How the scramble for sand is destroying the Mekong

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hanno
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How the scramble for sand is destroying the Mekong

Post by hanno »

I crossed the border by boat last week and counted 50+ dredging barges in the no-man's lad between the two borders.....
A crisis is engulfing the Mekong River, its banks are collapsing and half a million people are at risk of losing their homes.

The entire ecosystem of this South East Asian river is under threat, all because of the world's insatiable demand for sand.
https://www.bbc.com/news/business-50629100
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Re: How the scramble for sand is destroying the Mekong

Post by Doc67 »

Is there any good news about the Mekong?

It's enough to drive a man to drink...
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Re: How the scramble for sand is destroying the Mekong

Post by CEOCambodiaNews »

Fear rises as riverbanks erode from under villagers’ homes
19 December 2019
CamboJA News

SA’ANG DISTRICT, Kandal province — Sitting on an old wooden bed, her shoulders wrapped in a scarf and with her granddaughter in her arms, Heng Yet, 73, is worried that the land might fall away from under her house.

The house, on the Bassac’s riverbank in Raka Khpos commune’s Koh Kor village, is under threat from the commercial sand dredging happening along the river, she says.

The village has been hit with sandbank collapses already. Families have lost their land and houses, and are demanding compensation.

“I have lived here for a long time. It never collapsed before,” Yet says. “I’m very scared, but what could I do? We are just people.”

The land behind the home of housewife Yong Vannary, 24, has already begun to slip away. Her house has cracked.

“I’m afraid when we are sleeping,” Vannary says.

Her washhouse is by the river, and these days she does not dare to go in. “Washing clothes, going to the toilet, taking a bath — I need to go to my niece’s place,” she says.

Sok Chantra, 42, is a victim of the same circumstances. He says the riverbank-collapses only started in the past two years, coinciding with commercial sand-dredging operations nearby.
Full article: https://cambojanews.com/fear-rises-as-r ... ers-homes/
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Re: How the scramble for sand is destroying the Mekong

Post by phuketrichard »

14 months ago posted, yet it still goes on
BIG $$$$$$$

newsworthy/road-sithor-kandal-district- ... hilit=sand
In a nation run by swine, all pigs are upward-mobile and the rest of us are fucked until we can put our acts together: not necessarily to win, but mainly to keep from losing completely. HST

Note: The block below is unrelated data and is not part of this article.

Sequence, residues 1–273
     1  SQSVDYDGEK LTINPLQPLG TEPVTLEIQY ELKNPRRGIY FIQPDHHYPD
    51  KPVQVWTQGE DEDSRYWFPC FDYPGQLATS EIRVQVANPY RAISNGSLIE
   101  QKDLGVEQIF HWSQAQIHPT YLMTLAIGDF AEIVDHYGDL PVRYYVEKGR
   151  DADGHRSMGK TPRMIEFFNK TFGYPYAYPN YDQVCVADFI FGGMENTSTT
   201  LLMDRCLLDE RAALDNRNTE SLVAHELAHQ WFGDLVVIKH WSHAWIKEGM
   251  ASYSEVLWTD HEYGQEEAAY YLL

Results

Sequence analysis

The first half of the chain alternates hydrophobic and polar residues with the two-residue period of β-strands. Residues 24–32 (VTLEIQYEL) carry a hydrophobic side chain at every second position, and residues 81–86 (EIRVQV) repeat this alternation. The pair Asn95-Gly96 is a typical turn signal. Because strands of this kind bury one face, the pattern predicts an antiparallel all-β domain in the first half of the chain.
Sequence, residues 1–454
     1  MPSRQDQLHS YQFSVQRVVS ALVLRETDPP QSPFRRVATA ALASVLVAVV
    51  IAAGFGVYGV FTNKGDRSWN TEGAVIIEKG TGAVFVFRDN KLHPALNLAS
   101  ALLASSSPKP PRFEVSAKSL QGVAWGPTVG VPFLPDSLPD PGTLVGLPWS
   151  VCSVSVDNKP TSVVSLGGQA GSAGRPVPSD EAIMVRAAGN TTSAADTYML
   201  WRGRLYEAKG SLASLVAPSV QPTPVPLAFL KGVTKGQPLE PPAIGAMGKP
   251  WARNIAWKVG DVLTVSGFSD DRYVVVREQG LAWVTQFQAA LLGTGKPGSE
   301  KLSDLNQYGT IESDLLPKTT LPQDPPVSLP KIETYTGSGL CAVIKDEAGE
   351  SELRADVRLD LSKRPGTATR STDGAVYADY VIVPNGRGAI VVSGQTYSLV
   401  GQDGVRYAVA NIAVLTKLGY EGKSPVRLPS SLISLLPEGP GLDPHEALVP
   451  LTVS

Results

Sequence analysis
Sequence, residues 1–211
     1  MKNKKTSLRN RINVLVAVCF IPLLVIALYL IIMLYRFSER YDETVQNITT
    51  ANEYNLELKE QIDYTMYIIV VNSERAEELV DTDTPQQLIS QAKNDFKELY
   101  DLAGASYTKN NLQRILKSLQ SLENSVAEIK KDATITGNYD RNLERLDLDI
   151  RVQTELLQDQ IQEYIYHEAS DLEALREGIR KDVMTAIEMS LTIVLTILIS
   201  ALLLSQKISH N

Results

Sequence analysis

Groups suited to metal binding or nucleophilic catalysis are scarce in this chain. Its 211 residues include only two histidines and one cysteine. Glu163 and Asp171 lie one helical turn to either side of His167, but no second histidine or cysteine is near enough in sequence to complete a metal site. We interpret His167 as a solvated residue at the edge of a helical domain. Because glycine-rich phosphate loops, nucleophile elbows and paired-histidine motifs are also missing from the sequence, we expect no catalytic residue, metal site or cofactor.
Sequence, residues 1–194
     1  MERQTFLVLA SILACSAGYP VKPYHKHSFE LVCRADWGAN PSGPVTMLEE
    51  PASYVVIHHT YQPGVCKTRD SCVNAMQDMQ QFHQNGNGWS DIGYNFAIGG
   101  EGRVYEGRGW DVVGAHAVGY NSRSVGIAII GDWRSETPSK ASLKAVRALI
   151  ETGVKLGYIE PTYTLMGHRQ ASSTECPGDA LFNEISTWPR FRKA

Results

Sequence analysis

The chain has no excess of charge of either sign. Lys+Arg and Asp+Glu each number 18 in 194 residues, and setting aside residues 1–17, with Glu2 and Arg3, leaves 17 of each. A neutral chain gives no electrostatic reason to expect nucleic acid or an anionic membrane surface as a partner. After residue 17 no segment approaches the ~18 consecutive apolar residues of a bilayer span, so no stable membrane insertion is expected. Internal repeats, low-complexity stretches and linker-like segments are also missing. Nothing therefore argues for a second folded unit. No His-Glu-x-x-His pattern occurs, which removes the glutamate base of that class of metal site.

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Re: How the scramble for sand is destroying the Mekong

Post by CEOCambodiaNews »

Interesting read on recent studies on the consequences of Mekong sand dredging being undertaken by researchers at the University of Southampton, UK.

January 14, 2020 3:06 am AEDT
Unsustainable sand mining is threatening lives along Mekong River in Cambodia
Sand mining in the Mekong River in Cambodia is increasing the risk of dangerous riverbank callapse.

It’s a resource used in global construction and mined from rivers and coasts across the world. Now new research, as part of a project led by University of Southampton, has shown sand mining is causing river beds to lower, leading to riverbank instability and increasing the likelihood of dangerous river bank collapse, damaging infrastructure and housing and putting lives at risk.

The new research has been published in the journal Nature Sustainability.

Researchers focused on the Mekong River – one of the world’s major sand-bedded rivers – in Cambodia.

Dr Chris Hackney, a postdoctoral researcher at the University of Southampton, now based at the University of Hull’s Energy and Environment Institute, who led the research, said: “With the world currently undergoing rapid population growth and urbanisation, concrete production has grown massively, fuelling unprecedented demand for sand, so much so that sand is now the most consumed resource on the planet, after water”

The research was undertaken as part of a NERC funded project led by Professor Stephen Darby at the University of Southampton, which is studying the impact of climate change on the fluctuation of sediment through the Mekong.

Professor Darby added, “Much of the sand used in the production of concrete comes from the world’s big sand-bedded rivers, like the Mekong. There has long been a concern that sand mining from the Mekong is causing serious problems, but our work is the first to provide a comprehensive, rigorous, estimate not only of the rate at which sand is being removed from the system but how this compares to the natural replenishment of sand by river processes, as well as the adverse impacts unsustainable sand mining has on river bank erosion.”
Full article: https://www.miragenews.com/unsustainabl ... -cambodia/
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